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Fifth of people ‘feel locked out of the financial system’

Some people end up borrowing from family or friends or are eventually accepted for a higher interest credit product after initially being turned away.

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One in five people feel locked out of the financial system, according to a report (Anthony Devlin/PA)

One in five people feel locked out of the financial system, according to a report (Anthony Devlin/PA)

One in five people feel locked out of the financial system, according to a report (Anthony Devlin/PA)

One in five (20%) people feel locked out of the financial system, a report has found.

Nearly three in 10 (28%) people generally who had been declined a bank account and/or a loan said they had ended up borrowing from friends and family, according to the financial inclusion report published by lender Plend.

Nearly a quarter (23%) of those who were turned away said they were eventually accepted for a higher interest credit product.

A survey of more than 4,500 people was carried out in January by Opinium Research for the report.

Lifestyles today typically demand quick and easy access to products and servicesAndrew Jackson, Nationwide Building Society

Richard Lane, director of external affairs at StepChange Debt Charity, said some people may feel encouraged to borrow more, and this “can make debt problems more harmful in the end”.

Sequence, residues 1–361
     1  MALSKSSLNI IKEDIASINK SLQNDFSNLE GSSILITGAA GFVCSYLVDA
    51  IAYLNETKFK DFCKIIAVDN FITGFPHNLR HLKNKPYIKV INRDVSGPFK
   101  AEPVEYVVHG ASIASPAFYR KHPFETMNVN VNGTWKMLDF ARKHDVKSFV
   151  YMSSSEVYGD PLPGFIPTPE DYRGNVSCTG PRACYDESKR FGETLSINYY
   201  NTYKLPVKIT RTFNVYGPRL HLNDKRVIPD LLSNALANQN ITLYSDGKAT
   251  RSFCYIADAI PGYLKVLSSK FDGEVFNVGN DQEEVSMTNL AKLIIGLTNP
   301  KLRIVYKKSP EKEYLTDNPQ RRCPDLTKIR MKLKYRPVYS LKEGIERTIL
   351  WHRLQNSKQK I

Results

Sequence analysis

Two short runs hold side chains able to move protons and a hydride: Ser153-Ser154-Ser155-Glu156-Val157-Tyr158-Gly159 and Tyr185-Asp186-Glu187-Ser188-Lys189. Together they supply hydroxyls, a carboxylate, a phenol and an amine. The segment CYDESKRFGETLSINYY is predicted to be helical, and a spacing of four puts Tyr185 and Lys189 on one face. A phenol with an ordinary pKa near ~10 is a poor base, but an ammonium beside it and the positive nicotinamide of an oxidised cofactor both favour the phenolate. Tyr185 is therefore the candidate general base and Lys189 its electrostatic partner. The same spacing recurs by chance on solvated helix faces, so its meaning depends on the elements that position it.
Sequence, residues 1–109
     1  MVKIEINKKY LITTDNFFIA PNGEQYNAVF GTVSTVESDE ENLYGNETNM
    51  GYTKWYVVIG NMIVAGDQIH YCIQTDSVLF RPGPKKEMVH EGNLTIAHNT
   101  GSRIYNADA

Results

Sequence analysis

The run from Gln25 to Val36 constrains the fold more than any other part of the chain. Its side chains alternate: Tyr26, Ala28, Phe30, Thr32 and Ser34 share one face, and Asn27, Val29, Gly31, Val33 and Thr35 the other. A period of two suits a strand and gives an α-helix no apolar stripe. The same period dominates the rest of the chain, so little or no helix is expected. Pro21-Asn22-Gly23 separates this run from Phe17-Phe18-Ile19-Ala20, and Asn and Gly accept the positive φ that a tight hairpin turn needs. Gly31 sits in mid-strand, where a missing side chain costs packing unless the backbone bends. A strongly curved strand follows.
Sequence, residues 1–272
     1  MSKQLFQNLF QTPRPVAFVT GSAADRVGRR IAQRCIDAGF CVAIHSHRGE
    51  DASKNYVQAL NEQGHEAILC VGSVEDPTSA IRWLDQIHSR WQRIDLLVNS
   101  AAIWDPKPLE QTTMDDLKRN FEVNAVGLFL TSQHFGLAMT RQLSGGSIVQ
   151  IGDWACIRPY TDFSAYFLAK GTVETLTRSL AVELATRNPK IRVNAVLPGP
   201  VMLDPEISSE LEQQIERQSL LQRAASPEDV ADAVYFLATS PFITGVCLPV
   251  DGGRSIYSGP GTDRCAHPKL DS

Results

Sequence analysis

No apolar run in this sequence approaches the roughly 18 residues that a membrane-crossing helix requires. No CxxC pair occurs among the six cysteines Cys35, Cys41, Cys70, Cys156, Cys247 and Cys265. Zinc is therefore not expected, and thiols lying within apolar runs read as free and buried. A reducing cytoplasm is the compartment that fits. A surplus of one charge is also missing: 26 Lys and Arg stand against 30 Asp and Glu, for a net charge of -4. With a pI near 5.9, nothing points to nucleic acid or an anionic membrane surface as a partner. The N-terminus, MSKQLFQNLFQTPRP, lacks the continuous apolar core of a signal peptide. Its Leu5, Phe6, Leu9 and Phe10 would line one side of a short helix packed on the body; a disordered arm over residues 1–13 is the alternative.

Andrew Jackson, chief credit officer, Nationwide Building Society, said: “Lifestyles today typically demand quick and easy access to products and services, and this applies just as much to credit products as it does to anything else.”

Rob Pasco, CEO and co-founder of Plend, said: “Having a thin or invisible credit file is just one of the reasons many people are financially excluded from accessing affordable credit products and basic financial services.”

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The findings were released as a separate study from charity Fair By Design and the University of Bristol estimated that the “poverty premium” costs £430 per year on average for a low-income household.

The premium includes the costs of borrowing to pay for items rather than being able to pay for them up-front, as well as paying for goods and services in increments rather than being able to pay the full costs in one go.

Examples include using pre-payment meters for gas and electricity, paying more for insurance due to living in a particular location (for example in a high-crime area), and needing to use high-interest loans and credit cards.

Martin Coppack, director, Fair By Design, said: “As families across Britain struggle with the sharp rise in the cost of living, taking action to end the poverty premium has never been more important.”


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